Portable humidifiers can help add moisture to a room, alleviating dry skin and preventing damage to wood floors or furniture. Our top-rated humidifier for a large room is the Levoit LV600HH Hybrid Ultrasonic Humidifier. You’ll get 60 hours of operation time from this unit when it’s set to the lowest mist setting. The Levoit humidifier modifies the humidity level in rooms up to 753 square feet, but if you have a smaller space, check out our list of best portable humidifiers.
If your home often feels hot and sticky, a dehumidifier may help. The FRIGIDAIRE Energy Star 50-Pint Dehumidifier removes up to 50 pints of water from the air in your home each day. The automatic shut-off and full tank alert will let you know when the 2-gallon capacity bucket needs emptying. Pair this device with a digital hygrometer to monitor and maintain a comfortable environment in your home.
Top humidifiers and dehumidifiers:
- Sleep mode option that turns off light display and triggers sensors for detecting the optimal level of humidity
- Spiral air duct technology that turns water into fine mist without fogging the room or wetting the floor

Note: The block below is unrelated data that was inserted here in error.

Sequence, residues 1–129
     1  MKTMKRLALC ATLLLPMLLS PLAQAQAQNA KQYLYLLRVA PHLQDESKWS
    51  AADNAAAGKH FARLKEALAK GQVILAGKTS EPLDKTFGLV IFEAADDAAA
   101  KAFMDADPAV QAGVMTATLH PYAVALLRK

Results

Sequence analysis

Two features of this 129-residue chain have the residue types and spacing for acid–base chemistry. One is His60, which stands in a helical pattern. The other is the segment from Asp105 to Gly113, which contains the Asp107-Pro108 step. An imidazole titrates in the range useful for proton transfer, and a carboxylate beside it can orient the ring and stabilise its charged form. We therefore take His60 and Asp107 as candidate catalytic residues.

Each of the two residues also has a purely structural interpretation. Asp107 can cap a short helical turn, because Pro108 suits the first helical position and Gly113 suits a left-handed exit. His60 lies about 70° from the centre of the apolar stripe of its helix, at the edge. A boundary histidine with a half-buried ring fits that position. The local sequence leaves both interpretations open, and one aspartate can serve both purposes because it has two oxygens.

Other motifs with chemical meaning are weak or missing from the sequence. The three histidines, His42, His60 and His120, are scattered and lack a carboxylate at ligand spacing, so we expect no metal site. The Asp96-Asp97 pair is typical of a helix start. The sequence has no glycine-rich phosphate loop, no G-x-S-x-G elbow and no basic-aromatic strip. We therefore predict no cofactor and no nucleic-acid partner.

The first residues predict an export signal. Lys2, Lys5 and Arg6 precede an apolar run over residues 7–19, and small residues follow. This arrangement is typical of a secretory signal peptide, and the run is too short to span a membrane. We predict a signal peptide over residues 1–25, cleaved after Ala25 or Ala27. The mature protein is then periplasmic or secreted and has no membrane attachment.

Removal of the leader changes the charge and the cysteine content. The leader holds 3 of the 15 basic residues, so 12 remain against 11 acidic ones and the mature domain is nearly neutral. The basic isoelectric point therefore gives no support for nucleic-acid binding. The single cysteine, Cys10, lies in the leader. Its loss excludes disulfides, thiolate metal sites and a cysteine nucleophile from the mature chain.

- 2-year buyer’s assurance and lifetime support from Levoit
- Eliminates extra moisture that cause mold and mildew
- Continuous operation when near a drain
- Control of exact percentage of humidity in your room that gives you effortless control
- Full tank alert system and auto shut-off capabilities
PROBLEMS CAUSED BY HIGH INDOOR HUMIDITY
It’s fairly easy to identify when the humidity in your home is uncomfortably high. The air feels heavy and sticky, you may find it difficult to sleep peacefully, or an odor of dampness or mildew can form. Unaddressed high humidity levels in your home may result in:
- The growth and spread of mold, mildew, fungi, bacteria, and viruses. These contaminants diminish indoor air quality, causing illness or irritating certain health conditions.
- Damaged drywall, flooring, or subflooring due to mold growth stimulated by excessive moisture.
- Worse or more frequent symptoms for asthma and allergy sufferers.
- Visible condensation on windows and walls that can produce a feeling of mugginess throughout the home.